| Alzheimer Disease
| Vascular Dementia
| Frontotemporal dementia
| Huntington's Disease/Chorea
| Dementia with Lewy bodies
| Creutzfeldt Jakob disease
| Behavioural and Psychological Symptoms of Dementia
The disease is named after George Huntington, a doctor of Ohio who published a paper in 1872 based on observations of patients in the East Hampton's, Long Island. The disease could be traced back to a family who had emigrated to the US in 1630 from a small Anglian town in Suffolk, England. If interested read the excellent "Saturday" by Ian McEwan which features a character with Huntington's Chorea.
Rhythmic twirl of wrist
Hints at cruel genetic twist
If child’s path trails parent’s fate
Younger would anticipate Link to author
- Autosomal dominant inheritance
- Choreiform movement disorder in patient aged 30-50
- Cognitive issues are more disabling than chorea
- There is often a family history
- The Mutant HTT gene is at 4p.16.3 and encodes the protein *huntingtin*
- Disease is almost certain with expanded (over 42) CAG trinucleotide repeats.
- CAG (cytosine-adenine-guanine) codes for glutamine
- The translated result is long tracts of glutamine residues
- Main structures affected are the caudate and putamen of the basal ganglia
- Paternally inherited disease may come on earlier and produce a variant with a Parkinsonian picture in childhood
There is a juvenile form of the illness which affects children and young adults under 21 at the point of diagnosis in which Rigidity, spasticity and dystonia are seen early
- Restless and fidgets, extra movements proceeding over time to chorea
- Slowness of movements eventually and chorea eventually declines
- Late disease has Rigidity, spasticity and dystonia but this is seen much earlier in those with childhood onset in which they are often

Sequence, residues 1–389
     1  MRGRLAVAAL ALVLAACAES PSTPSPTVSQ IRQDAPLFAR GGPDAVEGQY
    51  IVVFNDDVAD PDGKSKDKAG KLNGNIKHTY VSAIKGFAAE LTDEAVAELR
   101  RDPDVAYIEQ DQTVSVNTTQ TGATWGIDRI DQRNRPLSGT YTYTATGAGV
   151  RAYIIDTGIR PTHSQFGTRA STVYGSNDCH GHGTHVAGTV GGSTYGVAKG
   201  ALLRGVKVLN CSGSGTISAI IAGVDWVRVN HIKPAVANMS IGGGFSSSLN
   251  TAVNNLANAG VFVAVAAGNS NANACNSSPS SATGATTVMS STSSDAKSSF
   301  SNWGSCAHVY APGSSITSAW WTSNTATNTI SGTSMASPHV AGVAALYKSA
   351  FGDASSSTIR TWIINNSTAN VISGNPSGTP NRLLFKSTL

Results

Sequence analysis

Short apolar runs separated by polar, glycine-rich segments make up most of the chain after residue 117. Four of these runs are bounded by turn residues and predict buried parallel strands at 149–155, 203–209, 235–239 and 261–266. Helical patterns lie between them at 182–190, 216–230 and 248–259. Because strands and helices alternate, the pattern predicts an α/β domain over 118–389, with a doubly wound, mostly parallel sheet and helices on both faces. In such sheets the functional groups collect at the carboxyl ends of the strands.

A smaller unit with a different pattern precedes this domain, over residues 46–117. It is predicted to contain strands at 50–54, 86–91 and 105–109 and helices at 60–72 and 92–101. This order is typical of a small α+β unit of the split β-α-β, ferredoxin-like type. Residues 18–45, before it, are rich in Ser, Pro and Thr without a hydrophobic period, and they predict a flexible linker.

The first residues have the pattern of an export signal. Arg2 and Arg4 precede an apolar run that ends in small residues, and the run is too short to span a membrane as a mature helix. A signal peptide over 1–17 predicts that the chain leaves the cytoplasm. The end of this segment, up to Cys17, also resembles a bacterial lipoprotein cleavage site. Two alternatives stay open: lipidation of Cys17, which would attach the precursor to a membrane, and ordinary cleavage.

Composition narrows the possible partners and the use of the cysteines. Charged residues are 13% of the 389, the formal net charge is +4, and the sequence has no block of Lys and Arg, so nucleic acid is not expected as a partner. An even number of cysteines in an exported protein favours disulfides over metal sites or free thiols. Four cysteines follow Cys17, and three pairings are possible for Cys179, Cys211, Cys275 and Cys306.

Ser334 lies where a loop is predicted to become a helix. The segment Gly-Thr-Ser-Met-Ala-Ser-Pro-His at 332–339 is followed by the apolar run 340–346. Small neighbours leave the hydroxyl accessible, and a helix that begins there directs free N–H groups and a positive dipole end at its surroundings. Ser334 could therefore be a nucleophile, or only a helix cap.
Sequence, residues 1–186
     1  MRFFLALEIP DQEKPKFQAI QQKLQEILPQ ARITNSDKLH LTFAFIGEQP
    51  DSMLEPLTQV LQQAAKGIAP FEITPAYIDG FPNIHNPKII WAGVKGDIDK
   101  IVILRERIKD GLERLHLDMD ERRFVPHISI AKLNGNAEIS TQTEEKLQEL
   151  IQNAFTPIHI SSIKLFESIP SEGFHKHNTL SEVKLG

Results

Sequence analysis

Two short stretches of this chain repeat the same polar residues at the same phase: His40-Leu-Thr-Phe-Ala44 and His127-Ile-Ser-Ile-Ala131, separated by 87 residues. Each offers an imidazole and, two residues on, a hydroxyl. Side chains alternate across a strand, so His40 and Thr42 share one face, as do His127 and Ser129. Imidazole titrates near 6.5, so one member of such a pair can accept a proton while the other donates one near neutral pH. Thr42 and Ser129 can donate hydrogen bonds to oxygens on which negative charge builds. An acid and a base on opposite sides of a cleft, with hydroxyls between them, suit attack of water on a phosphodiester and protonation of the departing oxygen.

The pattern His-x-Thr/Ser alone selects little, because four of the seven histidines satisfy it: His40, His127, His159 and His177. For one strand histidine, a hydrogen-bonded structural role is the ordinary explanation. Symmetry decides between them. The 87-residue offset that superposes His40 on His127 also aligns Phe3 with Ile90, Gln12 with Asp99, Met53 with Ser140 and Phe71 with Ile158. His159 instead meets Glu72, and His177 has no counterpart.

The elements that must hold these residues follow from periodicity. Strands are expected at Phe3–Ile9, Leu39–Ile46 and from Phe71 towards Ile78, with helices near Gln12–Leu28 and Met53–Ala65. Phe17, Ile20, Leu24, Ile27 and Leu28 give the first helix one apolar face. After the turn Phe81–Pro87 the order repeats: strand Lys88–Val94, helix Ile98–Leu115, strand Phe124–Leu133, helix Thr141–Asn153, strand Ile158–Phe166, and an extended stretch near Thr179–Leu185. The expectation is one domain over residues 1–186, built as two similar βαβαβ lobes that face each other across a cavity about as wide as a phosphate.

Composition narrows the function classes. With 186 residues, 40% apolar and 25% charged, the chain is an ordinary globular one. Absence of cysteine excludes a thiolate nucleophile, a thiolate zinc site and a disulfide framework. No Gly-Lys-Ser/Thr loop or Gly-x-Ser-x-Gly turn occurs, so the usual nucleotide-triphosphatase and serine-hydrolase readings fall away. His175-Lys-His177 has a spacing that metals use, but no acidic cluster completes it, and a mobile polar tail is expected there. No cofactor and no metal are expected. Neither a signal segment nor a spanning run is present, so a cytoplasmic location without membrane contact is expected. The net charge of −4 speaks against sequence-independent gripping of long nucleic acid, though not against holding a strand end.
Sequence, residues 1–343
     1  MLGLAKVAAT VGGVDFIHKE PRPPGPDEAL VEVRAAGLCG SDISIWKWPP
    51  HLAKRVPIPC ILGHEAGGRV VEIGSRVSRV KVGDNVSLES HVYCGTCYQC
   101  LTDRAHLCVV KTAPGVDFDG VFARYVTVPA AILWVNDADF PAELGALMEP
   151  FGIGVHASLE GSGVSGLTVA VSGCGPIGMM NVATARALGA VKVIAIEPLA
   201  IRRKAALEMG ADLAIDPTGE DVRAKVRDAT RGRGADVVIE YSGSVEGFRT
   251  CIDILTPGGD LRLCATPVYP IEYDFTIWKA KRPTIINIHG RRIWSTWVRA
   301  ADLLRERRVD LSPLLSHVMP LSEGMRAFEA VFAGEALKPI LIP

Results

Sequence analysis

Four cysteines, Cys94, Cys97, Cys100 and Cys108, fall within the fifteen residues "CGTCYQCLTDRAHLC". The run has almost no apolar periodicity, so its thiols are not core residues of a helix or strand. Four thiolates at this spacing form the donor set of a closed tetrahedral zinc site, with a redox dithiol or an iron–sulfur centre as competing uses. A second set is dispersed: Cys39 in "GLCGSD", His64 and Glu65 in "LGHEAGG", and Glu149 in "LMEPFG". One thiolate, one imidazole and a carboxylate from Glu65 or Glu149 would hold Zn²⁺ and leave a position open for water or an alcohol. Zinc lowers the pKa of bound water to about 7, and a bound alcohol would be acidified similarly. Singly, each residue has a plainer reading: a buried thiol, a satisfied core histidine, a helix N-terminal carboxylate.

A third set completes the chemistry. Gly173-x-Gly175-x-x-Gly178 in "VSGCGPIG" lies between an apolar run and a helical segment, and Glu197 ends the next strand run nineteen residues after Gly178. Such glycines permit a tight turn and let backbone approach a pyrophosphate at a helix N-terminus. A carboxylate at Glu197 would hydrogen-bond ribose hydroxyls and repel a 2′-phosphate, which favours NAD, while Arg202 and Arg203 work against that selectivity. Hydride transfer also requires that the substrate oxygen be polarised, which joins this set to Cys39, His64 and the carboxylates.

present from the beginning
- Onset at earlier age with each generation - anticipation
- Difficulty multitasking unable to organise and concentrate and prioritorise
- Subcortical dementia and epilepsy is also a feature
- Increased blink frequency (opposite of Parkinson's disease)
- Slow eye movements, balance problems, late stage dysphagia
- Psychiatric features include mood swings, anger and poor self-control.
- Obsessive compulsive and even psychotic episodes, depression, anxiety
- Episodic anger and irritability, impulsive
- There is a Westphal variant which demonstrates increased rigidity and parkinsonism and is commoner in children
- FBC, U&E, LFTs
- CT/MRI shows decrease in size of caudate and putamen.
- PET scan shows decreased metabolism in an anatomically normal caudate in early disease
- Post mortem studies show significant atrophy of both the cerebral cortex and the corpus striatum.
- There is significant cell loss in the caudate and putamen.
- Genetic testing is now available before the onset of symptoms - ethical questions. Testing is only available at regional genetics clinics, which are
located throughout England and Wales. GPs can arrange a referral.
For more information go to www.hda.org.uk
- Sydenham's chorea
- Wilson's disease
- Management largely supportive and genetic counselling for the family affected
- Treatment of the chorea can involve Haloperidol [US Haldol], Sulpiride and dopamine depleting drugs such as Tetrabenazine to try and induce parkinsonism which might be worse than the chorea
- SSRI's may be useful to treat depression and Sodium Valproate and Carbamazepine may help as mood stabilisers.